D41.1 Relationships among ΔG°, K°, and E°

The thermodynamics of a redox reaction can be described in terms of ΔrG° and , and these can be further related to E°cell because they all describe whether the redox reaction would be reactant-favored or product-favored at equilibrium.

In a voltaic cell, the difference in Gibbs free energy between products and reactants allows the cell to do electrical work. We represent electrical work done by the cell as welec.

welec (J) = charge transferred (C) × potential difference (V)

The charge of 1 mole of electrons is known as the Faraday’s constant (F):

 F = \dfrac{6.0221\;\times\;10^{23}\;\text{e}^{-}}{\text{mol}}\;\times\;\dfrac{1.6022\;\times\;10^{-19}\;\text{C}}{\text{e}^{-}} = 96485\;\frac{\text{C}}{\text{mol}} = 96485\;\frac{\text{J}}{\text{V}{\cdot}\text{mol}}

Hence, the total quantity of charge transferred per mole of a redox reaction is:

 \dfrac{\text{total charge transferred}}{\text{mole of reaction}} = (\text{number of e}^-\;\text{transferred}) \;\times\; F = n\;\times\;F

In this equation, n is the number of electrons transferred in the balanced redox reaction, which can be obtained from the balanced half-reactions that are added to produce the overall redox reaction. For example, in the reaction:

2 Au3+(aq) + 3 Zn(s) ⟶ 3 Zn2+(aq) + 2 Au(s)

6 e are transferred because each half-reaction, after multiplying by a factor to balance electrons, involves 6 e:

Oxidation: 3 × [Zn(s) Zn2+(aq) + 2 e]
Reduction: 2 × [Au3+(aq) + 3 e Au(s)]
Overall: 2 Au3+(aq) + 3 Zn(s) 3 Zn2+(aq) + 2 Au(s)

When this redox reaction happens once, 6 e are transferred. When a mole of this reaction takes place, 6 moles of e are transferred; that is, 6 mol × 96485 C/mol = 578910 C are transferred. Hence, we have:

welec = charge transferred × potential difference
welec = (nF) × (Ecell)

If we operate a voltaic cell such that the maximum possible electrical work, welec, is done and the only work done is electrical work, then:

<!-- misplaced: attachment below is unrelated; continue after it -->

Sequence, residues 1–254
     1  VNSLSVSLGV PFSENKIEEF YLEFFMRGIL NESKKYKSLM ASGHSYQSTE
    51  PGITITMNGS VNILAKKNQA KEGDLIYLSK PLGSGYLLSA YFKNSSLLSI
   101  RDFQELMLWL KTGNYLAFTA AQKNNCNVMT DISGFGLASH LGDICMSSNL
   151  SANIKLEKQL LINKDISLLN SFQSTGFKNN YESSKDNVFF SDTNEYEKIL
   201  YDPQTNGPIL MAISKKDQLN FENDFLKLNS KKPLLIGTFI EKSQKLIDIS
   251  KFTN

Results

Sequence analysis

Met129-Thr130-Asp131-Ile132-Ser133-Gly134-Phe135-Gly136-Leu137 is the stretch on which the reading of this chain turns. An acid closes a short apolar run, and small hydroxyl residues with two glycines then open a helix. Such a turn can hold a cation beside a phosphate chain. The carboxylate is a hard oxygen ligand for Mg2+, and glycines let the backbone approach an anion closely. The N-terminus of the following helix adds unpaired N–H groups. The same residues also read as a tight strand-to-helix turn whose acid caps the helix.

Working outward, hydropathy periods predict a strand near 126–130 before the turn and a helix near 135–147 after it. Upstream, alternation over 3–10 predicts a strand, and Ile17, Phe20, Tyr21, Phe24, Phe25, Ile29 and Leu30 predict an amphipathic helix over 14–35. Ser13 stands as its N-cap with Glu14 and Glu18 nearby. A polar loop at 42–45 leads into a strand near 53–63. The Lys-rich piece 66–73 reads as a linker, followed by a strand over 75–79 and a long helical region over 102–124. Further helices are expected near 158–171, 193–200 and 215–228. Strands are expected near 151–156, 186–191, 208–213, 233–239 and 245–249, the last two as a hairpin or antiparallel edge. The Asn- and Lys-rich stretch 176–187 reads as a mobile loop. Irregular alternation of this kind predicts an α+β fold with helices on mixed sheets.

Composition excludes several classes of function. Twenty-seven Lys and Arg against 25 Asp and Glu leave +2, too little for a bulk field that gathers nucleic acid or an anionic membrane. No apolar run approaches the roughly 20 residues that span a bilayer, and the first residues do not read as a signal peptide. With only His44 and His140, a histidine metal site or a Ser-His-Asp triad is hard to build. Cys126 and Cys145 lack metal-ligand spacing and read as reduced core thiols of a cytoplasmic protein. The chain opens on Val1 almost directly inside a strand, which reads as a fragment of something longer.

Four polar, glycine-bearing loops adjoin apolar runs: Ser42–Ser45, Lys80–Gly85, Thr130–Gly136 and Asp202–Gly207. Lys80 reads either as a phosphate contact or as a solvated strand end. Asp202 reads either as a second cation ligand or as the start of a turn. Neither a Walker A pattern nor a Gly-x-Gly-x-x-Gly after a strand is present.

ΔrG = −wmax = −welec = −nFEcell

The negative sign makes sense because a positive Ecell indicates a spontaneous redox reaction while for ΔrG a negative value indicates a spontaneous reaction.

If all the reactants and products are in their standard states, then the equation becomes:

Δr = –nFE°cell

This equation also links standard cell potentials to equilibrium constants, since:

nFE°cell = ΔrG° = –RTlnK°

Therefore:

 E_{\text{cell}}^{\circ} = \dfrac{RT}{nF}\;\ln K^{\circ}

Thus, if any one of ΔrG°, , or E°cell is known or can be calculated for a redox reaction, the other two quantities can be determined using the relationships shown below. Moreover, any of the three quantities can be used to determine whether a reaction would be product-favored at equilibrium.

A diagram is shown that involves three double headed arrows positioned in the shape of an equilateral triangle. The vertices are labeled in red. The top vertex is labeled “K standard.“ The vertex at the lower left is labeled “delta G standard” The vertex at the lower right is labeled “E standard subscript cell.” The right side of the triangle is labeled “E superscript degree symbol subscript cell equals ( R T divided by n F ) l n K superscript degree symbol.” The lower side of the triangle is labeled “delta G superscript degree symbol equals negative n F E superscript degree symbol subscript cell.” The left side of the triangle is labeled “delta G superscript degree symbol equals negative R T l n K superscript degree symbol.”

Exercise: Standard Gibbs Free Energy Change for a Redox Reaction

Exercise: Gibbs Free Energy Change and Equilibrium Constant for a Redox Reaction

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Chemistry 109 Fall 2021 by John Moore, Jia Zhou, and Etienne Garand is licensed under a Creative Commons Attribution-NonCommercial-ShareAlike 4.0 International License, except where otherwise noted.